Woody Allen’s new film, Midnight in Paris, opened in Spokane last night, so the theme of crashing the party of a past epoch is, well, present in my mind. (The film’s past is a very good-looking past, I must add: Adrian Brody as Salvador Dali! for crying out loud.)
|Wilkie knows her place!|
The seasoned Thrippie reader will not be shocked that this yellow table tent’s jaunty font caught my eye.
I’m especially charmed by the attempt to yellow out the official time of the Beer Garden. The little plastic teepee reflects an earlier era, which makes me curious about its past life. What kinds of revelry has this tent seen? Were the Beer Gardens in days of yore so wild that Spokanites were cut off promptly at 8 p.m. and sent home with ibuprofen?
This sign’s imperfection lets us have it both ways. We see the new intention, but we also get a look at its history.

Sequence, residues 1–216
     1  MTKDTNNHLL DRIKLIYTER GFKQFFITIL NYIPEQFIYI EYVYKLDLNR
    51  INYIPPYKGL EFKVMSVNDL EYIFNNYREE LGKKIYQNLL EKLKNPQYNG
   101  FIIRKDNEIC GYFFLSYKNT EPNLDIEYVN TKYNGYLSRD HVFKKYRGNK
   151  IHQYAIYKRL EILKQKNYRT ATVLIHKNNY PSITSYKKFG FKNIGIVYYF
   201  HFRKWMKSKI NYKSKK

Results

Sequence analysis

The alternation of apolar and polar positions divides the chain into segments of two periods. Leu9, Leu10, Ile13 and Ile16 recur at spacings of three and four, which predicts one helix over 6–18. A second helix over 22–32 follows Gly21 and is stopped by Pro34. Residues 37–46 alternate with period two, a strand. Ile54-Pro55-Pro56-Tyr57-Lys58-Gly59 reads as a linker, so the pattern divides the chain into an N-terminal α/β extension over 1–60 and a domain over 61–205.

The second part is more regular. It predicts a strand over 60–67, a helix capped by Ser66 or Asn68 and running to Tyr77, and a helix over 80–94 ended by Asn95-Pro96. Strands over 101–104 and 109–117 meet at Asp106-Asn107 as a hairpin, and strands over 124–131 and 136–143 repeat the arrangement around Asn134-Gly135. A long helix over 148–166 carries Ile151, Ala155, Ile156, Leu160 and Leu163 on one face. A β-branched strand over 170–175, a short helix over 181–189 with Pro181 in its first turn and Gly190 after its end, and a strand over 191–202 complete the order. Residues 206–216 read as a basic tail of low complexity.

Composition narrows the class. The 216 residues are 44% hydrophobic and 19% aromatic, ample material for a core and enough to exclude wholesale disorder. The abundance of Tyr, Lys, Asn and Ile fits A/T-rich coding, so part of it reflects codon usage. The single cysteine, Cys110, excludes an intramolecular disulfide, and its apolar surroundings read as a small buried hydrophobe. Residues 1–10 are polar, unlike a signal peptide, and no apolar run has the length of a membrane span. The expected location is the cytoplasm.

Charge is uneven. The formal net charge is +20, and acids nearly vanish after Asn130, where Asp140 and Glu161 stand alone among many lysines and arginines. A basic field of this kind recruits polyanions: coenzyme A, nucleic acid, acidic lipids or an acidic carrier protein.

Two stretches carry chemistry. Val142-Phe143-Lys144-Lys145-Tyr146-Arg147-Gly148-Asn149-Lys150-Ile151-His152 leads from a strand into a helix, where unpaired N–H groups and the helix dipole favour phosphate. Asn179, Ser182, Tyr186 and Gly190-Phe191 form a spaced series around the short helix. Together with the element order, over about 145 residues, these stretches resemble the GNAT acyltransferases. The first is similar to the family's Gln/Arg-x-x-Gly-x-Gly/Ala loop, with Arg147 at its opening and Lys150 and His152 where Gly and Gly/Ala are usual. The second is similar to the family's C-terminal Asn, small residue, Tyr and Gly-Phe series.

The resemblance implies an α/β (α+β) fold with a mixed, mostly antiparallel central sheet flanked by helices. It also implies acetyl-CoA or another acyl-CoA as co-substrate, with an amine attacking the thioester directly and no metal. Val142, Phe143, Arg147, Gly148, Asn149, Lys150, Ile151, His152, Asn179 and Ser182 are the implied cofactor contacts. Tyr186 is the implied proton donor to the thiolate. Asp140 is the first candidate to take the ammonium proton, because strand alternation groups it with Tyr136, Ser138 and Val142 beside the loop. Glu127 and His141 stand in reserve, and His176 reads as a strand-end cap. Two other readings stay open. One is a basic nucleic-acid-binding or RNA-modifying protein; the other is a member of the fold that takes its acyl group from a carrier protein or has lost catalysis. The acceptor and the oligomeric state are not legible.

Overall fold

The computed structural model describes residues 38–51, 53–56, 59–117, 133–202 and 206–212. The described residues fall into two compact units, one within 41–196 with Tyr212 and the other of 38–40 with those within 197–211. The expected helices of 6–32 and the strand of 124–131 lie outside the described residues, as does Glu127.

In Part I of “The Interpretation of Dreams,” Freud claims, “Thoughts which are mutually contradictory make no attempt to do away with each other, but persist side by side. They often combine to form condensations, just as though there were no contradiction between them, or arrive at compromises such as our conscious thoughts would never tolerate, but such as are often admitted in our actions.” The stolen table tent is a kind of dream space, a tablet of the unconscious mind where possibilities are open. The Beer Garden is and is not from 5pm-8pm.
Yes, dear reader, I said stolen. It was not Thrippie's finest hour. I and my accomplice, to whom I might or might not be related, swiped it off the table when no one was looking. Maybe next summer I’ll sneak it back into the ArtFest booze corral and return it to its native habitat.
But for now, ArtFest, I pledge to feed and care for this sign, to love it as though it were my own. It’s a much cooler centerpiece, I might add, than my usual bowl of questionable onions or a stack of papers.
(If anyone from Artfest happens upon this post, I beg of you: leniency! Always leniency).